In this third notebook of the tutorial "The World of Jupyter", we want to leave you with pro tips for using Jupyter in your future work.

First, a word on importing libraries. Previously, we used the following command to load all the functions in the **NumPy** library:

```
import numpy
```

Once you execute that command in a code cell, you call any **NumPy** function by prepending the library name, e.g., `numpy.linspace()`

, `numpy.ones()`

, `numpy.zeros()`

, `numpy.empty()`

, `numpy.copy()`

, and so on (explore the documentation for these very useful functions!).

But, you will find *a lot* of sample code online that uses a different syntax for importing. They will do:

```
import numpy as np
```

All this does is create an alias for `numpy`

with the shorter string `np`

, so you then would call a **NumPy** function like this: `np.linspace()`

. This is just an alternative way of doing it, for lazy people that find it too long to type `numpy`

and want to save 3 characters each time. For the not-lazy, typing `numpy`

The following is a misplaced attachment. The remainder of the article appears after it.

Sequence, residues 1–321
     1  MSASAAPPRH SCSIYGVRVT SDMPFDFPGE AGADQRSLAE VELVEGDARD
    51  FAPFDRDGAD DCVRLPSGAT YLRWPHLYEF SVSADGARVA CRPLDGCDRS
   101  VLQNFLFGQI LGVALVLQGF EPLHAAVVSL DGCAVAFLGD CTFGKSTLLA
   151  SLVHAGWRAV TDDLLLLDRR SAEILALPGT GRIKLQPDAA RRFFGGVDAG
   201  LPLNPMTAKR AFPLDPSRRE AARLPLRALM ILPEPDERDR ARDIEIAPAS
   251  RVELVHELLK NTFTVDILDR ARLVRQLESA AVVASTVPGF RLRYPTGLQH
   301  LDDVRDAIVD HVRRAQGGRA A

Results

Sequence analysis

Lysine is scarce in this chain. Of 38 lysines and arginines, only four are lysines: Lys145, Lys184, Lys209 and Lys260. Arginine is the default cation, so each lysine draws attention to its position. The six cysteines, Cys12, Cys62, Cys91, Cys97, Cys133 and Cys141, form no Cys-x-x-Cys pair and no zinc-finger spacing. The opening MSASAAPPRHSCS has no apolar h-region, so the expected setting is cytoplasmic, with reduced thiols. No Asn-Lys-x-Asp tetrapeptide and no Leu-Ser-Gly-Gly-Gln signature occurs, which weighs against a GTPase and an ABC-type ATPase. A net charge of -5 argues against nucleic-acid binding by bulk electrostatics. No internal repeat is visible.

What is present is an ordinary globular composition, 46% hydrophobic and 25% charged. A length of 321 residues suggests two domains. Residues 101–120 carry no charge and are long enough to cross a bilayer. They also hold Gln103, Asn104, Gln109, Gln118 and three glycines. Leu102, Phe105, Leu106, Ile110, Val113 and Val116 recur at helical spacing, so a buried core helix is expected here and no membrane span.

is more readable and beautiful. We like it better like this:

In [1]:

```
import numpy
```

When you make a plot using **Matplotlib**, you have many options to make your plots beautiful and publication-ready. Here are some of our favorite tricks.

First, let's load the `pyplot`

module—and remember, `%matplotlib notebook`

gets our plots inside the notebook (instead of a pop-up).

Our first trick is `rcparams`

: we use it to customize the appearance of the plots. Here, we set the default font to a serif type of size 14 pt and make the size of the font for the axes labels 18 pt. Honestly, the default font is too small.

In [2]:

```
from matplotlib import pyplot
%matplotlib notebook
pyplot.rcParams['font.family'] = 'serif'
pyplot.rcParams['font.size'] = 14
pyplot.rcParams['axes.labelsize'] = 18
```

The following example is from a tutorial by Dr. Justin Bois, a lecturer in Biology and Biological Engineering at Caltech, for his class in Data Analysis in the Biological Sciences (2015). He has given us permission to use it.

In [3]:

```
# Get an array of 100 evenly spaced points from 0 to 2*pi
x = numpy.linspace(0.0, 2.0 * numpy.pi, 100)
# Make a pointwise function of x with exp(sin(x))